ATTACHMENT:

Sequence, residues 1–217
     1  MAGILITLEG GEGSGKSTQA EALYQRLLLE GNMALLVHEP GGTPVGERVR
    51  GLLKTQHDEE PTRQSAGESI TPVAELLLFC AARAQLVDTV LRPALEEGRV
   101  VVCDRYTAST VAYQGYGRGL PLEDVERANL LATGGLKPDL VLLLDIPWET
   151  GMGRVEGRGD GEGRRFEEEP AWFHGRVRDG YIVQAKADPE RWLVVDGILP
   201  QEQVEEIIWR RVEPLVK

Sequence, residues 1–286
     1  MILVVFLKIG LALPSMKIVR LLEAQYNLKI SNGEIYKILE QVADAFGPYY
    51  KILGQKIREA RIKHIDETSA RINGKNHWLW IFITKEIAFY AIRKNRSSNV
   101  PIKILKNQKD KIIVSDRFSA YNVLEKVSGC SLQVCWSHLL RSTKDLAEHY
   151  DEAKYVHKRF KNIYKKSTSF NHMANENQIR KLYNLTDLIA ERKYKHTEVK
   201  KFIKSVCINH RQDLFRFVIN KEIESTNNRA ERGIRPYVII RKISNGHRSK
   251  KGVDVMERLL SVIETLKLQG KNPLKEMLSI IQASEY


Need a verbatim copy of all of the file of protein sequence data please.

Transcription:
Sequence, residues 1–217
     1  MAGILITLEG GEGSGKSTQA EALYQRLLLE GNMALLVHEP GGTPVGERVR
    51  GLLKTQHDEE PTRQSAGESI TPVAELLLFC AARAQLVDTV LRPALEEGRV
   101  VVCDRYTAST VAYQGYGRGL PLEDVERANL LATGGLKPDL VLLLDIPWET
   151  GMGRVEGRGD GEGRRFEEEP AWFHGRVRDG YIVQAKADPE RWLVVDGILP
   201  QEQVEEIIWR RVEPLVK

Sequence, residues 1–286
     1  MILVVFLKIG LALPSMKIVR LLEAQYNLKI SNGEIYKILE QVADAFGPYY
    51  KILGQKIREA RIKHIDETSA RINGKNHWLW IFITKEIAFY AIRKNRSSNV
   101  PIKILKNQKD KIIVSDRFSA YNVLEKVSGC SLQVCWSHLL RSTKDLAEHY
   151  DEAKYVHKRF KNIYKKSTSF NHMANENQIR KLYNLTDLIA ERKYKHTEVK
   201  KFIKSVCINH RQDLFRFVIN KEIESTNNRA ERGIRPYVII RKISNGHRSK
   251  KGVDVMERLL SVIETLKLQG KNPLKEMLSI IQASEY